What’s not to love? Charles Kaufman screenplay, Focus Features. Jim Carrey. A mind-bending premise about memory erasure and the pain of love. A killer cast, including Kate Winslet, Tom Wilkinson, Mark Ruffalo, Kirsten Dunst, and Elijah Wood. I am certain that the same people who tut-tut at Carrey stepping outside his butt-talking box in movies like Man in the Moon and The Majestic will skip this movie. Their loss. I simply adored it. I could say that Eternal Sunshine is sweet, but that’s not quite right. It’s rich and meaty, yet delicate and fragile. Some scenes are just as butterfly-wing light as anything in Lost in Translation, and others are as emotionally intense as – well, we all have our own movie to fill in there. It feels like a really personal movie, because we get so close to the people. It’s like a stew that is delicious but tastes slightly different depending on who eats it.
The central concept of the film is that Tom Wilkinson’s company, Lacuna Inc, has developed a process to target and erase specific painful memories from the mind of the patient. The procedure is no more mysterious or scary than a boob job or a CAT scan in this film. Scientifically speaking, the idea of associating memories by their emotional anchors is sound; using a mini fMRI to “map” the areas they then erase is already in practice today. Rather than over-explaining the procedure, and either insulting us with dialogue that will either be terribly wrong or quickly dated by scientific progress, Kaufman treats it as a matter of course and does as much explaining as any patient would want to hear before undergoing a procedure like Lasik.
Clementine (Winslet) and Joel (Carrey) erase each other, and finds in the newly purchased lacunae what’s really important about memories and themselves as a product of their memories. But I don’t want to give too much away. Most of the film is a tour through Joel’s memories of Clementine, happy, sad, private, and public, witnessed as they disintegrate, and Joel feels their value even as they slip away. It’s tricky conceptually and it’s pulled off beautifully. This is not John Malkovich in drag inside a slimy tunnel; this is a real science fiction double feature, with the love story and the adventure tales superimposed.
It is wonderful and fascinating to see Carrey play such a quiet, introverted person as Joel. To see the physical change when Clementine is around and the effects of her absence works better as an emotional barometer than even Jon Brion’s interesting score; parts of the music sounded as if it were recorded backwards, as if it were being sucked back up into the movie, or into Lacuna’s memory zapper. Brion also did the music for Magnolia and Punch Drunk Love.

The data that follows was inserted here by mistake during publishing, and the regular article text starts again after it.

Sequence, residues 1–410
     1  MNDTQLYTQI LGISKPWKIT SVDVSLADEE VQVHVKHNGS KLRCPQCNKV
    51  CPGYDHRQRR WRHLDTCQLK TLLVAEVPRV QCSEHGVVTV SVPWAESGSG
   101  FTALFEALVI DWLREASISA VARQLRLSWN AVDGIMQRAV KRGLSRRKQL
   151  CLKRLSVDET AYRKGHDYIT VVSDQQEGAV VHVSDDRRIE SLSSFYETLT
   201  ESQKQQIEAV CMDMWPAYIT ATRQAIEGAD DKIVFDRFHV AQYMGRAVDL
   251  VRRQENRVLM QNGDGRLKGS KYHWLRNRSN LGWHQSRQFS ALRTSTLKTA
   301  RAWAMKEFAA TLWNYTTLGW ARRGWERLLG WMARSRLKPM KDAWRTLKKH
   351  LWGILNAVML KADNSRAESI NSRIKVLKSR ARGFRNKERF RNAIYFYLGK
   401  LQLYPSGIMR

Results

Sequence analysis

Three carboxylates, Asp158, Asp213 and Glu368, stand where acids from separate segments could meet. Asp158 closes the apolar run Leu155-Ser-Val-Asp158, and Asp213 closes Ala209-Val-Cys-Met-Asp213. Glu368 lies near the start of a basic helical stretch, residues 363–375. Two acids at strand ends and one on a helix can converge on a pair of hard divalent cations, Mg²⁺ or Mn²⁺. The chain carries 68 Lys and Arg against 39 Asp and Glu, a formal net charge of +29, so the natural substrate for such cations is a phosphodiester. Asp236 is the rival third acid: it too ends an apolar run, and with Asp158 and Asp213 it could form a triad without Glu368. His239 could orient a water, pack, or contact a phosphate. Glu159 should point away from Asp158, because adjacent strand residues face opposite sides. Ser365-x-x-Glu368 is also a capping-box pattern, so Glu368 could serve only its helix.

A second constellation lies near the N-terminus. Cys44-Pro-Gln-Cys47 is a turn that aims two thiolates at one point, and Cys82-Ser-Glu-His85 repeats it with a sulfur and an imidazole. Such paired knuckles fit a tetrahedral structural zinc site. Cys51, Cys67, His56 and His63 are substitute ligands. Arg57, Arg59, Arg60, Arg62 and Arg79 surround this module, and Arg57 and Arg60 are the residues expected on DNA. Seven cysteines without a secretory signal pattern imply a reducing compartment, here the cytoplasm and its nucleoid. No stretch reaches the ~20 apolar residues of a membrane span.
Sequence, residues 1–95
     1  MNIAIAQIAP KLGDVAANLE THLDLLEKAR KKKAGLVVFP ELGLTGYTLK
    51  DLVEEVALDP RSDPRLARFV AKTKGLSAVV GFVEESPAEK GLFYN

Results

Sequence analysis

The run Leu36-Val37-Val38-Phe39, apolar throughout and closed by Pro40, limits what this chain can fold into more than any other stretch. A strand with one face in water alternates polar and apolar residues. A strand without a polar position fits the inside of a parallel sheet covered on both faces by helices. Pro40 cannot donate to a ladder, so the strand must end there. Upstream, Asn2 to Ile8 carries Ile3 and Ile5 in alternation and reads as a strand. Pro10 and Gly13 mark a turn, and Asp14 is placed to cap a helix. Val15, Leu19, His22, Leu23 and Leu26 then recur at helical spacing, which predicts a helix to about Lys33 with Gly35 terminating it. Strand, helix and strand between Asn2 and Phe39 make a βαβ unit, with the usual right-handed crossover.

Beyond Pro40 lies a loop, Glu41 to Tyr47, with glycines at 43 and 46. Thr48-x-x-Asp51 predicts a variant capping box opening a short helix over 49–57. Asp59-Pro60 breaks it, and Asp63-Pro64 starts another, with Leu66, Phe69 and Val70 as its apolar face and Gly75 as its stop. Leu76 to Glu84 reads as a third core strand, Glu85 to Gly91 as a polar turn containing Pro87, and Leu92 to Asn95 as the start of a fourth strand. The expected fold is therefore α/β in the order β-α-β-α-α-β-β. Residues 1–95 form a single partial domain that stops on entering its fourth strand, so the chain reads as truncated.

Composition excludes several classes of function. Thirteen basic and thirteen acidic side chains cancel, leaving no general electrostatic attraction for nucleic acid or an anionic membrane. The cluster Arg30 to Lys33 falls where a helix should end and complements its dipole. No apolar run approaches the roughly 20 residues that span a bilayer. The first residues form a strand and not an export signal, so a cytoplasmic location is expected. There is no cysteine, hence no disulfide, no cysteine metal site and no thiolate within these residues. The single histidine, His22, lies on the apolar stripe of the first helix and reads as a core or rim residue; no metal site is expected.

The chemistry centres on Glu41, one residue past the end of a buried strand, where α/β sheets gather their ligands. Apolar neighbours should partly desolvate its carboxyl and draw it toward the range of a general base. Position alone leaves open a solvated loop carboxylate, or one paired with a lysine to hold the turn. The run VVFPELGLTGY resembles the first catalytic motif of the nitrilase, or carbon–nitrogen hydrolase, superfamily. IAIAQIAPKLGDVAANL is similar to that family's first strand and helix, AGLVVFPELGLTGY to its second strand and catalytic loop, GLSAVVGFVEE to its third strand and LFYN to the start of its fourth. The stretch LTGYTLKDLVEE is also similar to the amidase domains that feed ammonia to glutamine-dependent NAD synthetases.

What struck me the most in the film was the graceful and innovative use of editing and the production design to weave through the disintegrating map of Clementine in Joel’s mind. The photography is an intimate as a first person point of view and also as epic in the private moments as From Here To Eternity’s beach scene. I saw it twice in a weekend and I will be seeing it again. Art director David Stein and cinematographer Ellen Kuras meld their crafts into a perfect onion to be peeled apart by the movie. Their work delights even as it drags you kicking and screaming through Joel’s overlapping and failing memories even as Joel kicks and screams with you. The camerawork is so intuitive that you feel almost as if you turned your head, so would the point of view change; they are almost your memories.
Sunshine is poignant, nerve-wracking, tenuous, and disorienting. Director and co-writer Michel Gondry strikes a perfect balance between the intellectually high concept and the emotionally complex after effects. To discuss the finer nuances would be to destroy the surprise. Keep your eyes peeled for what’s happening in the entire mise-en-scene, not just the actors talking. This movie rewards your attention and it might pluck your heartstrings. It’s another triumph for Focus Features.
MPAA Rating R -language, some drug use & sexual content
Release date 3/19/04
Time in minutes 108
Director Michel Gondry
Studio Focus Features